It’s safe to say, both CrossFit HQ and yes, some athletes, have some work to do when it comes to making sure they have all their ducks in a row for future online qualifiers. However, newly appointed CrossFit Games Competition Director Adrian Bozman took to the CrossFit Games podcast to address many of these issues outright, which is a step in the right direction for transparency and communication from CrossFit HQ.
It’s safe to say, both CrossFit HQ and yes, some athletes, have some work to do when it comes to making sure they have all their ducks in a row for future online qualifiers.
Semifinals had its share of controversy as well, kicking off with seeding, and who was going where and why? Travel restrictions surrounding COVID-19 came into play, and some athletes found they had to make very difficult decisions about their personal health in hopes of competing at an event. Of course, we can’t talk 2022 Semifinals without addressing “Ropegate”— the incident involving a season-ending injury for Scott Panchik that led to official Rogue Fitness ropes being sawed and shortened across the world for the remainder of Semifinals.
All of that being said, each of the ten events took place around the globe as scheduled (a mini-miracle of its own), and fans got weeks of endless competition to chew on, with new athletes and stories to discuss to their heart’s desires.
Does CrossFit have a drug problem? This is a question we asked in an opinion piece after a slew of notable athletes were found to have been using banned substances, including Granite Games runner-up Phil Toon, shaking up the CrossFit Games landscape in the process. This was the largest number of positive drug tests the CrossFit community had faced in a while, potentially caused by the sheer number of rookie qualifiers that, due to COVID or otherwise, had never been drug tested in the sport. Only time will tell if 2022 turns out to be an anomaly, or if this is a sign of things to come in the future.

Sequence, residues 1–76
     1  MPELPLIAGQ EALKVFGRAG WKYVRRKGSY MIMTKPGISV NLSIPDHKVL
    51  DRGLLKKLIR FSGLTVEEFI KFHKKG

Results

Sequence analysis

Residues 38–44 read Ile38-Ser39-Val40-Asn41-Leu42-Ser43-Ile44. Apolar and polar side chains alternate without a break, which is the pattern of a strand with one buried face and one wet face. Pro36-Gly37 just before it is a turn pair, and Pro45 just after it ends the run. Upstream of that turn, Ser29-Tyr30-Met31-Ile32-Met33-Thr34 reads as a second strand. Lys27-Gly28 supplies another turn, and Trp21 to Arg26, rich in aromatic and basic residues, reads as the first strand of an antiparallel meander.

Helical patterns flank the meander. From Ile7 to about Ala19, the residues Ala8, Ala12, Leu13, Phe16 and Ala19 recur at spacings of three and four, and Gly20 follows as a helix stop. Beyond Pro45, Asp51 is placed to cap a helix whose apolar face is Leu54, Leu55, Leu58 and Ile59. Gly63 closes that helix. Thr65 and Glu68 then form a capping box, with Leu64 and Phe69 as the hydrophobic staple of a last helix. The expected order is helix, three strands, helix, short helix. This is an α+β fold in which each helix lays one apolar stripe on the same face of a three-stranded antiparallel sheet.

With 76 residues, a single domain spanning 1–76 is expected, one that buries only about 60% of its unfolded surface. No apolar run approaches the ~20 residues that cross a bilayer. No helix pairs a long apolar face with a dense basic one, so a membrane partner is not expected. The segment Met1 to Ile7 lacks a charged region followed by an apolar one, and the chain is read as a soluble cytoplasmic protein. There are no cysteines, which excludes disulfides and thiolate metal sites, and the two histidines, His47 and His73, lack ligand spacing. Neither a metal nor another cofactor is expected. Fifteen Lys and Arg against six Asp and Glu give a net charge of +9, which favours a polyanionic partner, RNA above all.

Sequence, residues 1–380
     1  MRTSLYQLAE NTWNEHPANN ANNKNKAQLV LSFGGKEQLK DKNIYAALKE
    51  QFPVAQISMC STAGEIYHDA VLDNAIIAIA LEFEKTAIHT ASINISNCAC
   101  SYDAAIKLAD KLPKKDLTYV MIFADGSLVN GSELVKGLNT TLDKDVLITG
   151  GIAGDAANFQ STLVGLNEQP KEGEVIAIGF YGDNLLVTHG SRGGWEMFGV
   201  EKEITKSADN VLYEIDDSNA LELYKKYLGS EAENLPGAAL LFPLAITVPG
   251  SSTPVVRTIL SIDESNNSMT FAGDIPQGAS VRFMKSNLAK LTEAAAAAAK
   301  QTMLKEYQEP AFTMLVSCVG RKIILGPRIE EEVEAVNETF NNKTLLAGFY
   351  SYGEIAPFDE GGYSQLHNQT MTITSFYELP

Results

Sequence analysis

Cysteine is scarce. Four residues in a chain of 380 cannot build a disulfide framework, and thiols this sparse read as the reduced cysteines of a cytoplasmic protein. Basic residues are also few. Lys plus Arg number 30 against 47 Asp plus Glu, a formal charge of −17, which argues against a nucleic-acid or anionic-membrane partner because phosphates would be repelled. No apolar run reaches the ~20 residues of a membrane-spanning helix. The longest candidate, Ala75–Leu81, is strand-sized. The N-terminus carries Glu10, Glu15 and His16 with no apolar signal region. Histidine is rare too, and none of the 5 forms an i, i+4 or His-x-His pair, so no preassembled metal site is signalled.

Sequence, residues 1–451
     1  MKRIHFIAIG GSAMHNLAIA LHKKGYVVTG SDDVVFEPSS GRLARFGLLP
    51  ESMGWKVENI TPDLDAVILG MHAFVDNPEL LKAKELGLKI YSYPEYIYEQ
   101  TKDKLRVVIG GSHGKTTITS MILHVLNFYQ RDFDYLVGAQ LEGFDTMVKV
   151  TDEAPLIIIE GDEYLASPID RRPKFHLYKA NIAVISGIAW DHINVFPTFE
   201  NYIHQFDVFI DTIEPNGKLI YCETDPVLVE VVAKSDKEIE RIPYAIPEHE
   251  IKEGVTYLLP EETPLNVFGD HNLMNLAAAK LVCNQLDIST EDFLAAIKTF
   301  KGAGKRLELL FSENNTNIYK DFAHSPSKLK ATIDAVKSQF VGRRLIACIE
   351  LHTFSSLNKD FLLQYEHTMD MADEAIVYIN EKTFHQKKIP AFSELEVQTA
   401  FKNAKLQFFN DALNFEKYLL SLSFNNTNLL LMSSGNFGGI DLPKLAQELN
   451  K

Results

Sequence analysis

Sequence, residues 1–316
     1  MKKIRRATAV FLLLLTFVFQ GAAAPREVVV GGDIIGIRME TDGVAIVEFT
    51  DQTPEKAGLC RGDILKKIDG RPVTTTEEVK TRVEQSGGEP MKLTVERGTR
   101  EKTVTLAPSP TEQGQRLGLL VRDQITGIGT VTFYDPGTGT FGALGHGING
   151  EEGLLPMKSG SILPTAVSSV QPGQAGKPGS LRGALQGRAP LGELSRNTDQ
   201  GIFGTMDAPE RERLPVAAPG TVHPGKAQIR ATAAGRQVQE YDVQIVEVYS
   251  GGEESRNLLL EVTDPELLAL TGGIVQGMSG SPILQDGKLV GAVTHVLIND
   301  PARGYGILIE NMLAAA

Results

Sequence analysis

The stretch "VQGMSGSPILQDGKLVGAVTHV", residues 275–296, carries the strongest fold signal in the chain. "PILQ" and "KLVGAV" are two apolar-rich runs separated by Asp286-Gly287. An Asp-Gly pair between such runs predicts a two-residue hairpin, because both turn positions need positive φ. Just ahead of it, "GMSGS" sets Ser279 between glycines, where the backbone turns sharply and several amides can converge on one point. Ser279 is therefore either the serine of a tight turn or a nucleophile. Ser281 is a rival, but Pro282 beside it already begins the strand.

Finally, we got to Madison, Wisconsin where the 2022 NOBULL CrossFit Games were held in what turned out to be a very post-COVID setting, given the impact of restrictions in 2021.
The competition got off to a shaky start, as Event 1: Bike to Work was marred by several athletes doing too few or too many laps on the bike course— not a great look for those working hard to legitimize and professionalize the sport of CrossFit. However, Bozman and CrossFit’s general manager of Sport Justin Bergh, addressed the controversy at a press conference, promising fans and athletes issues like this would get better as the competition went on.
Turns out they were right. Outside of weather forcing event times and orders to change, there were no major issues as the week went on and we were treated to some truly iconic events, none more so than The Capitol, which has quickly become a fan favorite for its ability to truly showcase what it means to do CrossFit. It was here that Bozman earned his stripes as the new man in charge of programming, as fans and competitors alike were given a once in a lifetime event people will be talking about for years to come.